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U.S. court approval of ‘IM GOD’ license plate is a victory for atheists

A federal court ruled that the state of Kentucky was wrong to deny a man's request for a personalized license plate reading "IM GOD." Here's why that's a win against atheist discrimination.

U.S. court approval of ‘IM GOD’ license plate is a victory for atheists
Photo provided by the Freedom From Religion Foundation
  • After a three-year legal battle, a federal court last week cleared the way for a man in Kentucky to obtain a customized license plate declaring "IM GOD."
  • The Kentucky Division of Motor Vehicles rejected the plate in 2016 claiming it violated the state's rule against religious messages on license plates.
  • A state/church watchdog organization says the court's decision to approve the plate highlighted the bias the state of Kentucky was displaying toward religious non-believers.


After a three-year legal battle, a federal court last week cleared the way for a man in Kentucky to obtain a customized license plate declaring "IM GOD" after citing First Amendment rights after the state of Kentucky denied him the plate.

The message could be considered blasphemous and even "obscene or vulgar" as officials at the Kentucky Division of Motor Vehicles initially claimed when they rejected the plate in 2016. (The state later claimed that the plate wasn't approved because it was "not in good taste.") For Hart, a self-described atheist, it was a harmless, humorous message he had the right to display. So he filed a lawsuit.

Free Speech Rights

Photo Source: Public Domain Files

The lawsuit, filed by the Freedom From Religion Foundation and ACLU, challenged the Transportation Cabinet's denial of Hart's plate, which it argued was based on the state's required restrictions on license plate messages that communicate religious, anti-religious, or political viewpoints. Essentially, it said that a license plate qualifies as government speech, so Hart's vanity plate didn't have free speech protections.

But the U.S. District Court for the Eastern Court of Kentucky, which resoundingly ruled in favor of Hart, said that the Commonwealth of Kentucky had gone too far. It concluded that the rule governing such license plates was an unreasonable and impermissible restriction of Hart's First Amendment rights. This was because of the inconsistency of the rule's application, which amounted to the state picking and choosing what kind of messages it wanted on the road regarding the topic of religion.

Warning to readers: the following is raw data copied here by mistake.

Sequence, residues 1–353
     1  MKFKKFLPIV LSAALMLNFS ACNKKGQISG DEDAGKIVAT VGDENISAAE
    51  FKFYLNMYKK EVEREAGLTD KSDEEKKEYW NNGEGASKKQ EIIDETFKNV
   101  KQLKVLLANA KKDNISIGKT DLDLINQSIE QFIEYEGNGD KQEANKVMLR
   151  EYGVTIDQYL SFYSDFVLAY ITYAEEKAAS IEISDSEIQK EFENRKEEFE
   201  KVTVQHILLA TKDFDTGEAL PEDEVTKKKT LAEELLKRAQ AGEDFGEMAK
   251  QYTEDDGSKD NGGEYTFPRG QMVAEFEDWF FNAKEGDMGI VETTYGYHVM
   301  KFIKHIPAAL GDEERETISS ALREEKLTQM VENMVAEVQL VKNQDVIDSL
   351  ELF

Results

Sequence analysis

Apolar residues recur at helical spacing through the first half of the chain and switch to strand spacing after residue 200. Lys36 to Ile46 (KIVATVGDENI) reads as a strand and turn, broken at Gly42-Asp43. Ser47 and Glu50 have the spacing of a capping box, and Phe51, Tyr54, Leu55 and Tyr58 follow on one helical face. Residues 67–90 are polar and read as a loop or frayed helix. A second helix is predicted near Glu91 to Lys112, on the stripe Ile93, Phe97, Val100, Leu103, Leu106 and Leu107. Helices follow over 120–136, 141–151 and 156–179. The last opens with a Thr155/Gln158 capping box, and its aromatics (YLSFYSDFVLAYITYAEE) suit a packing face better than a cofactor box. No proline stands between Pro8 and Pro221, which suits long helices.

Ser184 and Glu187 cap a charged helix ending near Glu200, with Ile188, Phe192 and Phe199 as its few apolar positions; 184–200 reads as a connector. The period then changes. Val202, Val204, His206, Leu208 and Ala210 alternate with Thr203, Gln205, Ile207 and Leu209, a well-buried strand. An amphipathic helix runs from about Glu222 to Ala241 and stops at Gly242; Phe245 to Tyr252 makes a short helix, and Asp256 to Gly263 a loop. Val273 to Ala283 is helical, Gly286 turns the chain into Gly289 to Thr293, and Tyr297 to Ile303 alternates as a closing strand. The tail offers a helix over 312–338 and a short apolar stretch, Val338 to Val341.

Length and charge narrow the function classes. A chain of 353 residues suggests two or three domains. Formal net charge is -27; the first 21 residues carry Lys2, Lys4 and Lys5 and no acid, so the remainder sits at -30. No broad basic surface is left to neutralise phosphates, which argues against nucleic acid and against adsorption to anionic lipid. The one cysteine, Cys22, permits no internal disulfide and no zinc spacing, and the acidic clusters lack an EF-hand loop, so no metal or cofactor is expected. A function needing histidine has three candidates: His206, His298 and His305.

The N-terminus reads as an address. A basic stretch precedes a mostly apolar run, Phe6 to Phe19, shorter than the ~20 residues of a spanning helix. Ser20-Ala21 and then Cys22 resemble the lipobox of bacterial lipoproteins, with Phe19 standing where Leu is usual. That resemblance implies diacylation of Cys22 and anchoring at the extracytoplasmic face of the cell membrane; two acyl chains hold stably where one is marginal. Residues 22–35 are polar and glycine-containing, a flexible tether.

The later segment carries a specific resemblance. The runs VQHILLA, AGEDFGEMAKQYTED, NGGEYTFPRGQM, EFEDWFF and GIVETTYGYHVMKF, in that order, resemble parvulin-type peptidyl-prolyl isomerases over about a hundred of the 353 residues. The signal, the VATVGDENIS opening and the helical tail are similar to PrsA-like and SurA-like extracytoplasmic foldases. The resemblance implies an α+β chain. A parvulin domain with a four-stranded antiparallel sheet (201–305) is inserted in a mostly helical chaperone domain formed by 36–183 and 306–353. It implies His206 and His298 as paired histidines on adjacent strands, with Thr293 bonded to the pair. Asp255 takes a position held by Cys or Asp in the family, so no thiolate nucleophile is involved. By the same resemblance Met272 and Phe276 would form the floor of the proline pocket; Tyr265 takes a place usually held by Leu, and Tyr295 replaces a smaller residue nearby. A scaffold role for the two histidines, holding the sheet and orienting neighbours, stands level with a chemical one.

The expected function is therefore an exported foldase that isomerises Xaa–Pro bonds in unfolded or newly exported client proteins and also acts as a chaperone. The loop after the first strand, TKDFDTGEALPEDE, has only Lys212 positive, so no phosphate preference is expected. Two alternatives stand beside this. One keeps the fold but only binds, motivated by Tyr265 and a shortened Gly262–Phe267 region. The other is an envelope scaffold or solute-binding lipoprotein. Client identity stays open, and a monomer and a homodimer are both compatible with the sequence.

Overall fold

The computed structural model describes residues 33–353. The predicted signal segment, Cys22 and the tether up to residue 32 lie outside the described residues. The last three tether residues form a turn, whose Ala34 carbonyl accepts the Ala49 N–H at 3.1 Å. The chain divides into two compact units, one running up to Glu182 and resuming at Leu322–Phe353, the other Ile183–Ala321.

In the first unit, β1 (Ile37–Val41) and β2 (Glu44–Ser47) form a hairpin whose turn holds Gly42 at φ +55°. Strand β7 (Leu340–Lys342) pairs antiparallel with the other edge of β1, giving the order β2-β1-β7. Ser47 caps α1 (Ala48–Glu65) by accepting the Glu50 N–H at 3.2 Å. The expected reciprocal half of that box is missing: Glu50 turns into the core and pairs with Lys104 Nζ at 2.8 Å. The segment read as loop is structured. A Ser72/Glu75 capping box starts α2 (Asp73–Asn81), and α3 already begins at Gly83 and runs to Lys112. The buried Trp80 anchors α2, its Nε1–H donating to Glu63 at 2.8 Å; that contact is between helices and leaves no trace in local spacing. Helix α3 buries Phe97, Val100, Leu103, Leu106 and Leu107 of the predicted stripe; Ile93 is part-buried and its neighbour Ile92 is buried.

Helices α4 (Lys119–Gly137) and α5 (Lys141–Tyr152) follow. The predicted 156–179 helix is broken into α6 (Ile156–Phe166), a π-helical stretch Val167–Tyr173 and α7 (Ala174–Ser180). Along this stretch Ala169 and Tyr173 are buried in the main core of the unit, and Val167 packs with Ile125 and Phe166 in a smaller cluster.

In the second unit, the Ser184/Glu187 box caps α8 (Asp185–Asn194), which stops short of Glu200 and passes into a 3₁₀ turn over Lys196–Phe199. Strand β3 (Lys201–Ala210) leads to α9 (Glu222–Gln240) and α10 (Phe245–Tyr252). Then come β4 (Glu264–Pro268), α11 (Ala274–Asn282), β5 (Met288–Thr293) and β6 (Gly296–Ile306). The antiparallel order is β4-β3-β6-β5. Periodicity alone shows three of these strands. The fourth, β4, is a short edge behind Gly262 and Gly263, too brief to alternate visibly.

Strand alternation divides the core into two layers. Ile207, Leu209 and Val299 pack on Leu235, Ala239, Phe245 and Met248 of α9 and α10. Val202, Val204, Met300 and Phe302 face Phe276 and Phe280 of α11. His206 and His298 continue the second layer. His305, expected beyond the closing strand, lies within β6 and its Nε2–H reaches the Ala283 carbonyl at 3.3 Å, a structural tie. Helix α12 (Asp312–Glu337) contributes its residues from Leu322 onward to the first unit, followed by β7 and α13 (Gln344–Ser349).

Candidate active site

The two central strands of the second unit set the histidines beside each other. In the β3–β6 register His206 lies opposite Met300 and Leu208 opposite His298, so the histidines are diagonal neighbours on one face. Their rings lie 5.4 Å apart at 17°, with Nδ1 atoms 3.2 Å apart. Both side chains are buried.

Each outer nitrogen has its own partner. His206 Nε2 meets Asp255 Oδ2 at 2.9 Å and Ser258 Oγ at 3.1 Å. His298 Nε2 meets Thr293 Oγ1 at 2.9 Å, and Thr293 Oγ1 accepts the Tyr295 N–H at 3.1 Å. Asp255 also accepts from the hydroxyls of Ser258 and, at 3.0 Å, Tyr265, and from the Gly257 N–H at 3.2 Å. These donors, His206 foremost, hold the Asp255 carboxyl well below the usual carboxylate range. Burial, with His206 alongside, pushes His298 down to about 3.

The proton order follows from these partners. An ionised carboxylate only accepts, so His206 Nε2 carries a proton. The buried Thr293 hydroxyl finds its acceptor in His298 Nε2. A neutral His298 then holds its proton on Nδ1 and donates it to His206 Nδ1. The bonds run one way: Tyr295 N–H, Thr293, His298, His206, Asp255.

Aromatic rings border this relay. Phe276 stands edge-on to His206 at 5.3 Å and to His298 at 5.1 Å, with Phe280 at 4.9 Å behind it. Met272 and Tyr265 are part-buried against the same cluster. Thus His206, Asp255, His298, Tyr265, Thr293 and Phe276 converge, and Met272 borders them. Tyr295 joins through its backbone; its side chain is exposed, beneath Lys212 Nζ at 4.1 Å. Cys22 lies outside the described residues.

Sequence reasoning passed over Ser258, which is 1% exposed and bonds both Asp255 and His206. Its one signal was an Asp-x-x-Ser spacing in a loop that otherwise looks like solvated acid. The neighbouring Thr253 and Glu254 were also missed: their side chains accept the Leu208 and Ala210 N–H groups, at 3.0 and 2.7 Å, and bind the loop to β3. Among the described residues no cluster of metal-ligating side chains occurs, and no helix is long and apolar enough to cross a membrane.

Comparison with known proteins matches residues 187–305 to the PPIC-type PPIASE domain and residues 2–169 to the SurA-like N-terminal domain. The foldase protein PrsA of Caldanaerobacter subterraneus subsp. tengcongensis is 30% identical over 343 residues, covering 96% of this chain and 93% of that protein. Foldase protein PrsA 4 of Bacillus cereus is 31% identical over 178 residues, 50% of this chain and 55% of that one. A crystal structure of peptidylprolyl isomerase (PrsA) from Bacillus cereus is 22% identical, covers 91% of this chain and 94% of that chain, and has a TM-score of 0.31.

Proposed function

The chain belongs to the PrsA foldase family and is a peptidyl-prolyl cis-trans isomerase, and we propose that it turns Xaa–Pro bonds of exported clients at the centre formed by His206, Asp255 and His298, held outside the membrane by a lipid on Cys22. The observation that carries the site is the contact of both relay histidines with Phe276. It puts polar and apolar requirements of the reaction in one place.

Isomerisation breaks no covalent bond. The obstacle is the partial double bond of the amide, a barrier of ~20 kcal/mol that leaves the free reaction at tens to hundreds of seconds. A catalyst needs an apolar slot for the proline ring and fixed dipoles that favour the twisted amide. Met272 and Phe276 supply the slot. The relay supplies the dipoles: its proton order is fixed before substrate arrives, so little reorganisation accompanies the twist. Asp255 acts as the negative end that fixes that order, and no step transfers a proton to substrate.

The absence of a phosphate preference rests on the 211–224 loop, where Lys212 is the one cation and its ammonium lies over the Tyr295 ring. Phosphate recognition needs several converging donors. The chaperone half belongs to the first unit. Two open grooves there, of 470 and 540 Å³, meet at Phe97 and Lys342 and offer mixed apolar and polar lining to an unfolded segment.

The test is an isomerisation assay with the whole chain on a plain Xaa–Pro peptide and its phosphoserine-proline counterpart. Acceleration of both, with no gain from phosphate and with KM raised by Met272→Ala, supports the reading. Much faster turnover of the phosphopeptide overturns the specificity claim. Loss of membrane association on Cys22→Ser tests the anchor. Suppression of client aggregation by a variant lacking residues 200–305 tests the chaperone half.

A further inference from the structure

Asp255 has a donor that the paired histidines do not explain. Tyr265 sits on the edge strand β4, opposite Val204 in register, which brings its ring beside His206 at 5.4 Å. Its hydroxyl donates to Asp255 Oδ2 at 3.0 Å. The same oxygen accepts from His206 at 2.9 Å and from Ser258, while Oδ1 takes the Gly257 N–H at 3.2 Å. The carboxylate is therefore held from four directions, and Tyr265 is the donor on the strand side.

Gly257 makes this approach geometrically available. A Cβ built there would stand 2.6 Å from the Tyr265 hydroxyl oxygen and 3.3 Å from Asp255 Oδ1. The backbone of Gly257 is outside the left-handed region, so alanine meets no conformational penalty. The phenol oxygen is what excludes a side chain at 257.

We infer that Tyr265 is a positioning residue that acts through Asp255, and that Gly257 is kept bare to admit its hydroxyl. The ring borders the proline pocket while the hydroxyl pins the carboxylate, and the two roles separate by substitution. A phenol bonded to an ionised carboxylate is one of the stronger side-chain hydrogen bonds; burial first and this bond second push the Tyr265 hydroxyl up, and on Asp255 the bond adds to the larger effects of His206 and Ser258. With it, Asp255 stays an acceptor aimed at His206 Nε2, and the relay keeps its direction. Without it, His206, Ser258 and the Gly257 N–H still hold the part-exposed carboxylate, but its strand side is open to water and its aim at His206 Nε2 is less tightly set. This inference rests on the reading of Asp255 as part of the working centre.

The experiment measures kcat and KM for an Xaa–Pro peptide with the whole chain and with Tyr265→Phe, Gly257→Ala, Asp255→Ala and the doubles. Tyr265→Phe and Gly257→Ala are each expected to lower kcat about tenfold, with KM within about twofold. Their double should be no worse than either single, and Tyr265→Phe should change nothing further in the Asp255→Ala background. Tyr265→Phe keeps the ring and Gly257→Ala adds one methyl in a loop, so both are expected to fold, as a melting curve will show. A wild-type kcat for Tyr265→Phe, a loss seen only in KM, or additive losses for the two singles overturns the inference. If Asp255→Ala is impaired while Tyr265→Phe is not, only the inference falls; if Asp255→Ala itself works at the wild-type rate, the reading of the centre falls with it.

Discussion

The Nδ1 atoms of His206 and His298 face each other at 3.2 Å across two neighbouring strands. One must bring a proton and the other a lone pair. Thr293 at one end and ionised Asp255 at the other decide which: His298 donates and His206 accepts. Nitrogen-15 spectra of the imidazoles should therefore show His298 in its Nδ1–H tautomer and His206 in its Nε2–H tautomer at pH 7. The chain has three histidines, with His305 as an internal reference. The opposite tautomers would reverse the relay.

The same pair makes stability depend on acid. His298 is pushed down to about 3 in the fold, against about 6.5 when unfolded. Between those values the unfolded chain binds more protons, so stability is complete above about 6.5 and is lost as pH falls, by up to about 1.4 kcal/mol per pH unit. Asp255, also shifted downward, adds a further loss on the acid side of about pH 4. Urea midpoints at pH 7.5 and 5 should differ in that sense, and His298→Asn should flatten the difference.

"The same year Mr. Hart was denied a plate reading 'IM GOD', the Transportation Cabinet approved the contradictory plates 'NOGAS', 'EATGAS', 'VEGAN', and 'BBQ4U' among many others," wrote U.S. District Judge Gregory F. Van Tatenhove in his decision. "Under the Transportation Cabinet's logic, the Commonwealth is not only contradicting itself, but spewing nonsense."

"If the Court finds that vanity plates are government speech, then the Court would also be finding that Kentucky has officially endorsed the words 'UDDER', 'BOOGR', 'JUICY', 'W8LOSS' and 'FATA55,'" he also noted, according to WDRB.

Win Against Religious Discrimination

According to the Freedom From Religion Foundation, a national state/church organization, the court's decision highlighted the bias the state of Kentucky was displaying toward religious non-believers.

"As the court affirmed, the denial of Ben Hart's choice of a license plate was pure discrimination," said FFRF Co-President Annie Laurie Gaylor in a press release.

Hart expressed gratitude for the court's ruling against that discrimination.

"I'm thankful to finally have the same opportunity to select a personal message for my license plate just as any other driver," said Hart in FFRF's press release. "There is nothing inappropriate about my view that religious beliefs are subject to individual interpretation."

This display of religious bias isn't surprising, and it likely isn't the first or only instance. Despite the increased visibility of atheists and the decline in religious beliefs in the United States, uncomfortable attitudes towards atheists are still prevalent. This makes the ruling all the more significant.

It might be just one silly license plate, but this case underlines how government officials are able to censor certain messages like those on license plates and determine whether they are, say, too blasphemous or too religious. Thanks to this ruling, those officials will have to check certain biases they have when giving a state stamp of approval to license plate messages. Aside from atheists or other religious minorities, this court decision is a win for anyone who might want to promote a viewpoint on government property without being censored because certain officials don't like the message.

According to FFRF attorney Patrick Elliott in a "newsbite" by the nonprofit organization, it is particularly egregious for government workers to censor phrases on the topic of religion because it equates to them endorsing pro-religious or anti-religious messages. Now, thanks to this ruling, the state of Kentucky can't do that. And the rest of the nation has taken note.

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